A lot or a little?
The parents' guide to what's in this movie.
What parents need to know
Parents need to know that The Angry Birds Movie is a loud, silly, sometimes crude -- and sometimes funny -- animated film based on the popular app. The main character, Red (Jason Sudeikis), is truly an angry bird: He tries to exist in polite society, but his bad attitude won't let him, so he's forced into anger-management class. As you might expect, there are plenty of scenes of birds being kicked, punched, and hurled through the air, as well as explosions. Eggs are stolen from their parent birds and put in peril, and their parents are visibly upset. There's also some drinking (out of coconuts, etc.) and few sexual situations/innuendoes (which will likely go over many kids' heads), including an unpleasant Peeping Tom scene. Language includes "idiot," "weirdos," quite a few "butt" jokes, and cursing stand-ins like "pluck my life." Although there's only one main female character, the movie has some messages about taking responsibility and not judging others. But mostly its goal is to be funny -- putting it squarely in the category of movies that kids will like and parents will tolerate.
- Parents say
- Kids say
What's the story?
Red (voiced by Jason Sudeikis) is a lonely bird with a terrible temper. He loses his cool and ends up in anger-management classes, where he meets a group of misfits: Chuck (Josh Gad), Bomb (Danny McBride), Matilda (Maya Rudolph), and Terence (Sean Penn). When their tranquil island of flightless birds is invaded by green piggy explorers, it's up to the birds to get in touch with their anger and save the day.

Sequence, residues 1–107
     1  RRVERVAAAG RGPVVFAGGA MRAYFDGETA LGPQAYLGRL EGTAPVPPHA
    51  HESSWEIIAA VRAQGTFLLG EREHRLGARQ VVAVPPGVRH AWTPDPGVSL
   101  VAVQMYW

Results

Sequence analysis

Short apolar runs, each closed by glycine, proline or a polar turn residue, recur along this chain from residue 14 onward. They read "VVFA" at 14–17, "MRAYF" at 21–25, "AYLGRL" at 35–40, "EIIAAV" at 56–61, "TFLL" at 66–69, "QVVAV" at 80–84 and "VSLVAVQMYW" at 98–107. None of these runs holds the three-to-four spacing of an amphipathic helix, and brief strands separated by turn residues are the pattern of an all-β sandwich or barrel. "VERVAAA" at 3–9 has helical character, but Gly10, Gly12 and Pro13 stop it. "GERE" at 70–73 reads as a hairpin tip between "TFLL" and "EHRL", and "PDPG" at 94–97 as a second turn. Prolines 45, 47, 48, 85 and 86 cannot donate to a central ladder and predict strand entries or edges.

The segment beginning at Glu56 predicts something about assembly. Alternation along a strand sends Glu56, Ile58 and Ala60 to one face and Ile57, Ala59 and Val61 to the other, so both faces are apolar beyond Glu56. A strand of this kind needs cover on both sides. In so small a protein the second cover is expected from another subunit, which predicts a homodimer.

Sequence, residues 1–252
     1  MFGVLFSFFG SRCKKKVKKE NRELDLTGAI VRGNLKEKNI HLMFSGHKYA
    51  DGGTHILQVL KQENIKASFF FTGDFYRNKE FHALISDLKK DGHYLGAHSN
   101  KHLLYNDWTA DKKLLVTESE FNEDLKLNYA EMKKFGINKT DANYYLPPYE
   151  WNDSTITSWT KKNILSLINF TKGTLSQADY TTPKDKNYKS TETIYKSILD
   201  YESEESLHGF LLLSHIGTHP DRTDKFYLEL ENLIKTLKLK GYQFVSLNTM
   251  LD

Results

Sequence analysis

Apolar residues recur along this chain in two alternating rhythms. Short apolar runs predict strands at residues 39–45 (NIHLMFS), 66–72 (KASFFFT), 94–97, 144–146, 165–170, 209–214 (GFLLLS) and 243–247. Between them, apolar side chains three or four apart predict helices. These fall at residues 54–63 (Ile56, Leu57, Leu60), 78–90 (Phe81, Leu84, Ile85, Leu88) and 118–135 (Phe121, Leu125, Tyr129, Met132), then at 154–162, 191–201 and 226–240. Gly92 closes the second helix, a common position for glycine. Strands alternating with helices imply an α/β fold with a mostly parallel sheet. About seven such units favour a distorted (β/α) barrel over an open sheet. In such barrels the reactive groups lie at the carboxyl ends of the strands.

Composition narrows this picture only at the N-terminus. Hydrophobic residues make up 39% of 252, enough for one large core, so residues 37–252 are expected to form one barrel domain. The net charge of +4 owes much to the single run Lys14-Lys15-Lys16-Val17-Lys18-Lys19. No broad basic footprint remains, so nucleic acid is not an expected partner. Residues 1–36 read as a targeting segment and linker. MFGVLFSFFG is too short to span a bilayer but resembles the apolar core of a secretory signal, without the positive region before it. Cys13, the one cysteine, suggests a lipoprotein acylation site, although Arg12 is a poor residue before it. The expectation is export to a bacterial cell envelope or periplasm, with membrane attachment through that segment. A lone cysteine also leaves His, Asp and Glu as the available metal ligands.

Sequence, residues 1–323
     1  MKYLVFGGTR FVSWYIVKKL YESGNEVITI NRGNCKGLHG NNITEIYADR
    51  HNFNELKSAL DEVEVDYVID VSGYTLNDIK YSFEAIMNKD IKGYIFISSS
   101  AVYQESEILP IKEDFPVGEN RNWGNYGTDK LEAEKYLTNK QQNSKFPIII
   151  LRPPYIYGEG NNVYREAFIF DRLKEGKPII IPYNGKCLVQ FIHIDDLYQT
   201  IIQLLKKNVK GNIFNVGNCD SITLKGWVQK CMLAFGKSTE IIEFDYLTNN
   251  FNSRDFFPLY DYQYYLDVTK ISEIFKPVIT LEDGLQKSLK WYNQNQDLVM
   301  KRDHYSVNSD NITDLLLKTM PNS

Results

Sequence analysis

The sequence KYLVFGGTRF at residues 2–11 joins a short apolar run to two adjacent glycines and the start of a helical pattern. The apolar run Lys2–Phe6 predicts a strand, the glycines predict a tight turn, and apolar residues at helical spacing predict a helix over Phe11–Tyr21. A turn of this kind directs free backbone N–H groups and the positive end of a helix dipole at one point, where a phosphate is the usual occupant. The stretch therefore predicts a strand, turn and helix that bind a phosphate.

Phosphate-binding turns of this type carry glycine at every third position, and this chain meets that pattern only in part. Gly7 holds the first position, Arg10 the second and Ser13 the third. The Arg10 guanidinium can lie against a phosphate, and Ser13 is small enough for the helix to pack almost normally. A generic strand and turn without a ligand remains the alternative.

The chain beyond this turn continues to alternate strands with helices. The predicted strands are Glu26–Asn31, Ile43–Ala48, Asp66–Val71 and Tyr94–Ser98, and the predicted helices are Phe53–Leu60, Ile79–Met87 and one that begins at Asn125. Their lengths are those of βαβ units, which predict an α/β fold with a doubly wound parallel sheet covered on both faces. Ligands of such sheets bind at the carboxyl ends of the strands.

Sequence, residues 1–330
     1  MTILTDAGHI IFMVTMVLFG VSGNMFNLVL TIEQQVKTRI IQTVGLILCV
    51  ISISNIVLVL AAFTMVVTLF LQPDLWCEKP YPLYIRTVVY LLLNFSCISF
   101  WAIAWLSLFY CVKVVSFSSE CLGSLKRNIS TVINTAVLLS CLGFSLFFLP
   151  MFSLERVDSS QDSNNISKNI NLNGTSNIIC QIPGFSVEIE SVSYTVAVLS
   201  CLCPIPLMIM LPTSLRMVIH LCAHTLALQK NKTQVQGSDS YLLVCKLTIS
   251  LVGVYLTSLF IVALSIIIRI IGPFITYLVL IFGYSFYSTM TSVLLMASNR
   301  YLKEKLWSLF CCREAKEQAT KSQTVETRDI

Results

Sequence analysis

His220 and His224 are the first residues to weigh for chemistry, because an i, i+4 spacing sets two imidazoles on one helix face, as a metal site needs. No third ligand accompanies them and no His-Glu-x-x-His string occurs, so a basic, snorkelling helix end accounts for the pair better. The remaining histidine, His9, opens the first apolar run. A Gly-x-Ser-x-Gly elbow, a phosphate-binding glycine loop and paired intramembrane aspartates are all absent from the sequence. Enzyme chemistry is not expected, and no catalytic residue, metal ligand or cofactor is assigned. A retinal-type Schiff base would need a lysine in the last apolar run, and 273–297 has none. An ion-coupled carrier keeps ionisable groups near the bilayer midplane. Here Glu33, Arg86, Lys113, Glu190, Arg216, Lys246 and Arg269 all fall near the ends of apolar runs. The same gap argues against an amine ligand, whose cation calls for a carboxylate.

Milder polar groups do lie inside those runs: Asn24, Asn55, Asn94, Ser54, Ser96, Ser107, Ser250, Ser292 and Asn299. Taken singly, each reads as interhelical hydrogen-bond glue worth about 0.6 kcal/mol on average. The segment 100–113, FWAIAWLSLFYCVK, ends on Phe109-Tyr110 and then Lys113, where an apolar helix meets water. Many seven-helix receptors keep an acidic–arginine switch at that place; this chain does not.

Is it any good?
There's a little bit of a moral about being inclusive, but that's not why this movie was made: It's about angry outbursts, birds catapulting through the air, and big explosions. Still, for a movie based on an app, ANGRY BIRDS has a lot of story to it. You'll learn why the birds are so angry and what led to their ongoing war with the green pigs. It takes a while to get to that war, but once it does, the movie has plenty of action.
And while this certainly isn't the best animated buddy comedy, its also not terrible. The animated world that's been created is fun to look at, and there are some funny scenes -- although a good bit of it is rude humor. The cast is really good, especially Sudeikis, Rudolph, and Gad (who's more or less doing a slightly edgier version of Olaf). The set-up is a little slow, but the end is all action. And you don't need to know anything about the game to understand what's going on. Bottom line? Little kids might find it too loud, with too many pratfalls and explosions, and parents might find it a little annoying. But elementary schoolers who know the game will be entertained.
Talk to your kids about ...
Families can talk about how the cartoon action in Angry Birds compares to others you've seen. Does this kind of violence have more or less impact than what's in live-action movies? Why?
Red lashes out at others and isolates himself because he doesn't feel like he fits in. Have you ever felt that way? What did you do? What are some more constructive ways to behave when kids -- or adults -- aren't kind to you?
Red urges the birds to get mad and fight for their children. Do you think it's ever OK to fight?
Some of the birds use words that sound like swear words. Do you think that's OK? Get tips on talking to kids about swearing.
Red makes fun of a family for having a wheat allergy and ordering a gluten-free cake. Do you have allergies -- or friends with allergies? Are you (or they) ever made of fun of because of it? How do you handle it?